Could the natives be restless?

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Nancy Wade and campaign workers Sam Holloway and Walter Pituc
  • Courtesy of Walter Pituc
  • Green Party congressional candidate Nancy Wade with campaign workers Sam Holloway and Walter Pituc
On election night I was in one of presumably few places in Chicago where the name "Rahm Emanuel" drew boos. The campaign for Green Party congressional candidate Nancy Wade was hosting a viewing party at the Globe Pub, and the message to Chicago Democrats was "stop drinking the Kool-Aid."

"In Chicago we live in something more like a dictatorship than a democracy," said Wade, who served on her local school council before becoming involved with the Occupy movement and MoveOn. "We have no votes for the school board, no votes for the park board . . . "

On the issue of representation Wade wasn't alone: an advisory measure in favor of an elected as opposed to a mayorally appointed school board drew 86 percent of the vote in the 327 precincts where it ran on last week's ballot. Now some Chicago aldermen are pushing for a citywide referendum on the issue, a move that was earlier blocked by a parliamentary maneuver that had certain people crying foul.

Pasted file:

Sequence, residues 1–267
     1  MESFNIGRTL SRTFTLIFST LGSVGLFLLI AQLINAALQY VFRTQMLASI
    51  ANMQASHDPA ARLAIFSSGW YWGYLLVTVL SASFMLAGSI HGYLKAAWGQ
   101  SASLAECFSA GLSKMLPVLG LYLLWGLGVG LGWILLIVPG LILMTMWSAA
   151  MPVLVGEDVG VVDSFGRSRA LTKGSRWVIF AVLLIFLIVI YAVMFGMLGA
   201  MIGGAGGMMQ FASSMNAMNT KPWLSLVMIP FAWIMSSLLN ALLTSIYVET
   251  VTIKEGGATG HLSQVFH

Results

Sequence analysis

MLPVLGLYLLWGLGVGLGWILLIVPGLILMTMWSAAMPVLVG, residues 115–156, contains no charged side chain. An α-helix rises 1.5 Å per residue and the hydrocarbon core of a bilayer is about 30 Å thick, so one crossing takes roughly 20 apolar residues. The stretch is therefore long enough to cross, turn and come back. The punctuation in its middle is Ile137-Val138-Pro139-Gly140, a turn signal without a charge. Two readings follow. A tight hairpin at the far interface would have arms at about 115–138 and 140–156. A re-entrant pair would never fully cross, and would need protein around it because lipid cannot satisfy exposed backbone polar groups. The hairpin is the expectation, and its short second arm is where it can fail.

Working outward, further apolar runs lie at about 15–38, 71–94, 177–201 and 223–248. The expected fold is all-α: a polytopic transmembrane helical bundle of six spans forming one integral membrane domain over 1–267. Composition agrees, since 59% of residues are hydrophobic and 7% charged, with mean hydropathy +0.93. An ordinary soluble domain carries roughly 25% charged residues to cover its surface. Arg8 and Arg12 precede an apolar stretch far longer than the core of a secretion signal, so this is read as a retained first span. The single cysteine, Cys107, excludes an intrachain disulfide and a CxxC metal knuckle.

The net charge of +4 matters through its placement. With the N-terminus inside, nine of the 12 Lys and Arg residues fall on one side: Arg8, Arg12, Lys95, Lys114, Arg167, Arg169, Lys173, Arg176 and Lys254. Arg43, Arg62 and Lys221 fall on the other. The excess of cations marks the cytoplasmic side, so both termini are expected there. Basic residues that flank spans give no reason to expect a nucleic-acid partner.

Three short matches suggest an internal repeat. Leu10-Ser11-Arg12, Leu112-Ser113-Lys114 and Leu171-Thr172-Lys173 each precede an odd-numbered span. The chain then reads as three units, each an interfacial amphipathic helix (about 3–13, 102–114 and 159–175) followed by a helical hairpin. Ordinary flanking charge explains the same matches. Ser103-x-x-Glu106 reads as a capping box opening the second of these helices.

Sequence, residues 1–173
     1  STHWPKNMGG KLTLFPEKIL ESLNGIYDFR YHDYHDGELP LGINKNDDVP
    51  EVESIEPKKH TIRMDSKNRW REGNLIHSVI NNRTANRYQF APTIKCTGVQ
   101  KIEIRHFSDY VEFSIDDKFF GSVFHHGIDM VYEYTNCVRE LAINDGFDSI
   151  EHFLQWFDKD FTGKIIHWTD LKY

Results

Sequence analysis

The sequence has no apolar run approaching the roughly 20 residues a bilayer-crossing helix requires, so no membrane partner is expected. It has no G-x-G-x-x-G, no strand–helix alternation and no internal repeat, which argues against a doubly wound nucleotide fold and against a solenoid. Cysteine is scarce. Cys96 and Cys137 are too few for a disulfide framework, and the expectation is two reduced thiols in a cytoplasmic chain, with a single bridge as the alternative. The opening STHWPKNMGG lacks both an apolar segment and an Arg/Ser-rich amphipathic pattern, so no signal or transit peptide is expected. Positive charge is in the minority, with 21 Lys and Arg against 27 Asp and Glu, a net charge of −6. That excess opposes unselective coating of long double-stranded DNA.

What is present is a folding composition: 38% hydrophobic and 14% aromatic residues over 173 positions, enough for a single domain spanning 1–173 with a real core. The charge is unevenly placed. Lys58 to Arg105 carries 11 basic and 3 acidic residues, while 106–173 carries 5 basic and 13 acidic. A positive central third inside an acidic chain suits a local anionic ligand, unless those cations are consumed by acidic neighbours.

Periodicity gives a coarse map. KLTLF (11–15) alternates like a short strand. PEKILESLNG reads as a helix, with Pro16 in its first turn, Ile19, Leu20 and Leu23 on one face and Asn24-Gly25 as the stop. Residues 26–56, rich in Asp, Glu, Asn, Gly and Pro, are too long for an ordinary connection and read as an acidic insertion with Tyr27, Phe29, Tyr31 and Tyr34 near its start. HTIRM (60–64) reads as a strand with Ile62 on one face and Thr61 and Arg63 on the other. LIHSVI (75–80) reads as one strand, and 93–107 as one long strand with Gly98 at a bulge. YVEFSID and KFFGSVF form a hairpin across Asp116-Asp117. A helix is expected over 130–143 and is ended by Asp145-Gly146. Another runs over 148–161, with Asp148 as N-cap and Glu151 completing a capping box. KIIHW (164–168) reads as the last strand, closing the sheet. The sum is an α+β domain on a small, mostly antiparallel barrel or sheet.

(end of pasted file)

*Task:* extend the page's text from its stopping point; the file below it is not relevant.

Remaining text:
The Chicago Teachers Union, fresh off one victory over the mayor, also supports school board elections, and currently is organizing protests of school closings CPS is in the process of planning. One of the protesters' contentions is that TIF funds—a subject that's pretty familiar around here—are going into the hands of rich developers for projects in rich wards, leaving underserved neighborhoods and their schools to languish.

As it happens, TIFs are also an animal known to Mike Quigley, who back in 2009 won the Fifth District congressional seat after Rahm Emanuel left for bigger and better things. Quigley's been one of the more independent as well as more progressive Chicago pols around. So why was Wade setting her sights on him?

Reminding her audience that the Fifth District was the seat of the late Dan Rostenkowski (convicted of fraud) and former governor Rod Blagojevich (convicted of corruption) in addition to Emanuel (succeeded Daley), Wade characterized her campaign as challenging "business as usual" by, among other things, adhering to the Green Party's stance against corporate donations and lobbying.

Quigley raised $672,000 over this election cycle. Wade raised $6,000. Yet she made a more than respectable showing by Green Party standards, collecting 9,000 signatures on her ballot petitions and capturing 6 percent of the vote (Quigley, who's popular, got 70).

A 2010 Reader feature by Kari Lydersen characterized the Greens as the "silver-lining party," and there was some of that at the Globe. "The next election is only two years away. I want to see the Green Party build, and I want to be a big part of it," said Wade.

"The machine will not know what hit them," said (joked?) campaign manager Walter Pituc.

"You know you're joining the losing team," a gray-haired man sitting at a high-top told his buddy, a Green.

"Well, why are you a Cub fan then?" the guy shot back.

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